But darn it, I never got so upset that I threw pizza at my father or dug fingernails into my mom’s arm. If I had, my father would have, among other punishments, threatened to “Give me back to the Indians”, one of his favorite things to say.  Right now, I would very much like to do that with Allison…and it’s only been 48 hours since she’s been back home, and summer isn’t even half over yet…

Down But Not Out

I’ve been thinking a lot about Lyle Waggoner lately.  Lyle Waggoner was one of the ensemble players who used to be on the Carol Burnett TV show.  (I interviewed him by phone once for a newspaper story–  I was a teenager working part-time at my hometown paper. He was about to star in some made-for-TV movie… I actually have a tape recording of the interview and boy is it funny—it reminds me of the celebrity interviews that Chris Farley used to do on Saturday Night Live!!)  Anyway, Lyle went on to start a successful company, Star Waggons, that produces custom, luxury, portable dressing rooms and wardrobe trailers now used all over the entertainment industry.  And I’ve been thinking lately that Lyle needs to branch out and make one called The Mom Waggon or Dad Waggon or how about The Mad Waggon… a soundproof “hideaway” you can park in your backyard, tricked out with all the things you’d like to have to chill out, to get away from your family when no one appreciates you…maybe it could have a hot tub, a massaging chair, flat screen TV, refrigerator, whatever it takes…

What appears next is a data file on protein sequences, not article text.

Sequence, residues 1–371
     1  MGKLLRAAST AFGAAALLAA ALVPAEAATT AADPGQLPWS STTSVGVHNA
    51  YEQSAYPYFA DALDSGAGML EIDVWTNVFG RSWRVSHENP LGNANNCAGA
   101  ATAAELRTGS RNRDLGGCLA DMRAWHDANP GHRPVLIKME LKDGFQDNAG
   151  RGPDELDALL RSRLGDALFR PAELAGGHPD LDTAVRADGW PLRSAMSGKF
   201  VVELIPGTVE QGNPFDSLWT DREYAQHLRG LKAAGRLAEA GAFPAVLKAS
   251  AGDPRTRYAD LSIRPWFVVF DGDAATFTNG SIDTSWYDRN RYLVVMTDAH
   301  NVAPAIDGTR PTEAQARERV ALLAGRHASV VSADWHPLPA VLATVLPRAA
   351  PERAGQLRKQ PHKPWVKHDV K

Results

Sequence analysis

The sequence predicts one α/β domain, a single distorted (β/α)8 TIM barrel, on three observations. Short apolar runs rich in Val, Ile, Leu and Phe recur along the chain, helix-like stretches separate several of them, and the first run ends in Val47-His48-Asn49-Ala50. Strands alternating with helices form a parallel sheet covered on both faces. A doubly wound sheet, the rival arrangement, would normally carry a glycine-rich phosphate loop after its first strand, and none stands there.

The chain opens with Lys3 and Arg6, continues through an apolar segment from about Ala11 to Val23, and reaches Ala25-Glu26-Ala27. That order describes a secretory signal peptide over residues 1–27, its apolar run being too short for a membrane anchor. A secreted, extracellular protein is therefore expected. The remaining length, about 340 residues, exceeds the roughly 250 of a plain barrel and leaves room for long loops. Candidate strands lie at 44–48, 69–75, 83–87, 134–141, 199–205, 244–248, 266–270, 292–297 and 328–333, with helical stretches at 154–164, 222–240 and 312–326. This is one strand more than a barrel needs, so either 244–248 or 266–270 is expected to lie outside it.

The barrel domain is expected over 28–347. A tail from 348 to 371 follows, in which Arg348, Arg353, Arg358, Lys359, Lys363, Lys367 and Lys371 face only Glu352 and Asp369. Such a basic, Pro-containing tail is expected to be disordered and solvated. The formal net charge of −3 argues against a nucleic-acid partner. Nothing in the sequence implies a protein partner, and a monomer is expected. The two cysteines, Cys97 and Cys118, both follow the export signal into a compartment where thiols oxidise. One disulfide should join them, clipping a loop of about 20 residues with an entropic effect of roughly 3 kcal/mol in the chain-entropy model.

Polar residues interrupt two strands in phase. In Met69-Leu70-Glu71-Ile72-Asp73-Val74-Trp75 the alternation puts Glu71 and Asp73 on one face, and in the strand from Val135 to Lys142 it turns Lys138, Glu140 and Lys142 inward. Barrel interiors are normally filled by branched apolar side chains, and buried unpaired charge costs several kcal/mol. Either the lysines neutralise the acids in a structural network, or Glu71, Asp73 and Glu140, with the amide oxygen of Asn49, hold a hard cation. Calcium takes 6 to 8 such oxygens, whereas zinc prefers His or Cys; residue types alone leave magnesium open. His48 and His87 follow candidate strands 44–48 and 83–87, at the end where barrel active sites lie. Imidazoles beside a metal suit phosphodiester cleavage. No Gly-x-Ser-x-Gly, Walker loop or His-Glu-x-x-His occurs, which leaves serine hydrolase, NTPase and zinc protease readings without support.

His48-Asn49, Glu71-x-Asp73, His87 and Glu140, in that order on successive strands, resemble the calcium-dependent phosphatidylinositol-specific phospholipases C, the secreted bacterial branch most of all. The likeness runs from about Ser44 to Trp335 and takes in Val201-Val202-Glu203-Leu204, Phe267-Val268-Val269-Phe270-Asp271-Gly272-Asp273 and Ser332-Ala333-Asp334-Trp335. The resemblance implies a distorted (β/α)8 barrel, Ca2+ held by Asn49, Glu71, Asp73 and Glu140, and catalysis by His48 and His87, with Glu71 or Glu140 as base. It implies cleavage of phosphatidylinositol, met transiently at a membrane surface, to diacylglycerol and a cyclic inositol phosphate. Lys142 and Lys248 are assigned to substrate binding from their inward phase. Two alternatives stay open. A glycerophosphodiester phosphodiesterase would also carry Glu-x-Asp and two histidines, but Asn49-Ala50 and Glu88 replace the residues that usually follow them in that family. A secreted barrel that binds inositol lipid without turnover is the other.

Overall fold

Yes, I am in escape mode right now, fantasizing about getting away and leaving everyone to fend for themselves completely…because Mom is “annoying”, Mom is “stupid”, Mom is “lame”, and you can punish the kids’ meanness or laugh it off, or blog about it, but there’s been so much attitude lately from BOTH of my kids,  that right now it just downright hurts.  And when you work from home and put so much of your time into helping out your kids, by spending endless hours driving, grocery shopping, calendar juggling, cooking, Christmas shopping, Christmas cooking, etc., etc., etc., and get a lot of unappreciation, you feel, well,… — USED.  And when I really stop and ponder hard about it, I seriously think it’s been years since anyone in my house has spoken the words “I love you” to me (except I do choose to interpret my dog’s wagging tail as a form of that).  For my oldest, I know for certain it’s been at least 10…